There is an elasticated drawstring, so the pillow can accommodate pea-heads like mine, as well as larger-headed icons like the TV presenter Richard Osman.

How much of a maniac do I look?

Well, the thing is, I don't know.

I am the only one who can't see me.

Maybe I look fine?

Sure, when it is worn with the rear slit facing forwards, I might look as if I am mid-incubation by an Alien facehugger.

A fellow passenger may alert the flight attendant.

But is that a minus?

It could be a bit of color on the journey home.

If you are self-conscious, a sleep mask will suit you better.

I, however, am looking for more.

Most sleep masks let a little light in, often around the bridge of the nose. Being a spoilt emperor, I find even one errant photon unacceptable.

With the Ostrichpillow, you get nothing but darkness.

Stephen King, Mariana Trench, Madame Tussaud's after closing time darkness.

It is blissful.

Unthinkably, given the proximity of farting strangers, I start to nod off.

The effect is heightened by the covering of the ears, which sleep masks cannot replicate.


It is not so much about eliminating sound as muffling its vibration and removing contact with the air.

I couldn't wear my bulky noise-canceling headphones, but found to my surprise I was happy to do without.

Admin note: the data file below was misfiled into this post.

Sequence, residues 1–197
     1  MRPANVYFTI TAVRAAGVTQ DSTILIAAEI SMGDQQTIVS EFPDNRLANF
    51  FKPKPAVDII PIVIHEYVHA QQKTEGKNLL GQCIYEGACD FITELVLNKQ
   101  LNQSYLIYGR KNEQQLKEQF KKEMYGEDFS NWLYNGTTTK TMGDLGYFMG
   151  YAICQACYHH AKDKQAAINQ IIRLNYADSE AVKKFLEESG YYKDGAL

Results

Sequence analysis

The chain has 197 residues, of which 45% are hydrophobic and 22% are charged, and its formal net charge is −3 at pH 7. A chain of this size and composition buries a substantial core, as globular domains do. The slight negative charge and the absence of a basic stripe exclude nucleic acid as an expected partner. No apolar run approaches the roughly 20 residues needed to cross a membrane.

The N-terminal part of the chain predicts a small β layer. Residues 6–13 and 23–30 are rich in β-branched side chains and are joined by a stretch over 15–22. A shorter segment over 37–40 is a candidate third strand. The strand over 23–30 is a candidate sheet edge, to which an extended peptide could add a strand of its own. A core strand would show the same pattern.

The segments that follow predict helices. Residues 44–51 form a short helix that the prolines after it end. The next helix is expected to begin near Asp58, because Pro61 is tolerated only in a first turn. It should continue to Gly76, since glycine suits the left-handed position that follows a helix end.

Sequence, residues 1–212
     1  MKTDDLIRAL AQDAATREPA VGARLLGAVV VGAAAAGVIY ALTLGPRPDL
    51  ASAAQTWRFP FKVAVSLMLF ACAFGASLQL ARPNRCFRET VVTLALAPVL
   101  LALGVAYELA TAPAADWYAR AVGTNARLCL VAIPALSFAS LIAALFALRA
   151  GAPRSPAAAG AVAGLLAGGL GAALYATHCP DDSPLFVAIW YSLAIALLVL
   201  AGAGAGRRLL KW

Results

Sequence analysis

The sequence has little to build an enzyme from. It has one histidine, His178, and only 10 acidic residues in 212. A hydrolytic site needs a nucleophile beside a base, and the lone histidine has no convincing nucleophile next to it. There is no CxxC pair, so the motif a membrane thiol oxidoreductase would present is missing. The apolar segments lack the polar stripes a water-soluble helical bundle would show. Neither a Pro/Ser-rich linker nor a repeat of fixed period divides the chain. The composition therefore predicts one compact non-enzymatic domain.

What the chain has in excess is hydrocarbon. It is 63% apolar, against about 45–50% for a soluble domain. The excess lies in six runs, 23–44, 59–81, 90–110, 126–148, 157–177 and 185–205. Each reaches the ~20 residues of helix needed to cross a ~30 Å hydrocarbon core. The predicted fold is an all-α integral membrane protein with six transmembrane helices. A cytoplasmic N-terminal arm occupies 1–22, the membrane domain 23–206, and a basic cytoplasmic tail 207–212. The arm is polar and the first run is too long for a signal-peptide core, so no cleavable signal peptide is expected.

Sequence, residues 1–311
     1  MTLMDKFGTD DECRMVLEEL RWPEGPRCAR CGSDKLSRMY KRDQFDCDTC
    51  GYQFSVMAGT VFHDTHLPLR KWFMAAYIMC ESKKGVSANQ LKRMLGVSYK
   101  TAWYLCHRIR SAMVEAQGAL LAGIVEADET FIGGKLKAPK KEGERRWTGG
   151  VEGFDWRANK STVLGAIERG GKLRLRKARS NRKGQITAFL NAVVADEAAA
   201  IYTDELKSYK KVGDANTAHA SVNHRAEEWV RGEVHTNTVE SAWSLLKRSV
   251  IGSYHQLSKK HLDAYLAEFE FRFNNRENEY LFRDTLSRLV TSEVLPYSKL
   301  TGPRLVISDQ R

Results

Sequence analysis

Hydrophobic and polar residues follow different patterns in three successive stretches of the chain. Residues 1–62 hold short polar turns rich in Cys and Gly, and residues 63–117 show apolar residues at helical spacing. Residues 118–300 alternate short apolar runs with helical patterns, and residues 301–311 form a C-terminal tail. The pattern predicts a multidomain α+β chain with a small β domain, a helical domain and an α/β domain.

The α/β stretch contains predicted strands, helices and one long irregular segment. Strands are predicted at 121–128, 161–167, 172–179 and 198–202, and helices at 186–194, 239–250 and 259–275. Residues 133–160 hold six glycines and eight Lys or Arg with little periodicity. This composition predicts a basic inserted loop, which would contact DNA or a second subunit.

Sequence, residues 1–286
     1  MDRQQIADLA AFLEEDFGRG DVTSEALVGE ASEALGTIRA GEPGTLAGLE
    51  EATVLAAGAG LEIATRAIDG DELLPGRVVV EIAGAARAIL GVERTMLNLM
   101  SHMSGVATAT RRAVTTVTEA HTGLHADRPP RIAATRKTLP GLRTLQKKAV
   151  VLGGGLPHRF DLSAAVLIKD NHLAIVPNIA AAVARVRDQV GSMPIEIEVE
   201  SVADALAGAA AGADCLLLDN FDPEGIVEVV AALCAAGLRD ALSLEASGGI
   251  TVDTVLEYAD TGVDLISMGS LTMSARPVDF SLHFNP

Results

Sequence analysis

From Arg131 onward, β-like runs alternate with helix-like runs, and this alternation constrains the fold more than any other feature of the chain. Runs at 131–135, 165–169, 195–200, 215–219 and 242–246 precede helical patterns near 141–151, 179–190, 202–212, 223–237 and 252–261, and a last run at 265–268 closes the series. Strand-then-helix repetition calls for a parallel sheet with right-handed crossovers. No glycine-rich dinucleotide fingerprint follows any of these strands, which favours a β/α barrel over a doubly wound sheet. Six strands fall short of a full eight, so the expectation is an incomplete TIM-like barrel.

Earphones were accommodated just fine, and you can push the fabric above your eyes without losing neck support.

I was able to watch Aquaman in peace; or I would have done, were it not the worst thing that has ever happened.

And not just in the history of film.

The pillow isn't perfect.

It is meant to be reversible, but I found one side more comfortable than the other.

It runs warm, too.

The full-sized version must be like a kiln with a porthole.

But these are easy things to forgive.

Nothing can redeem the plastic cauldron of suffering that is long-haul budget flying, but the pillow does a lot.

I was able to use it as a neck warmer when I'd had enough refrigerated air blown directly into my face, and stuff it down the back of the seat just before my vertebrae had permanently relocated.

This travel cushion has range.

I wish I was brave enough for the otherworldly, uncompromising oddness of the original Ostrichpillow.

But its presentable cousin is far more my speed.

In adverse conditions, it gets you dozy and cozy, and quickly.

September 23, 2019 at 08:01 AM | Permalink | Comments (0)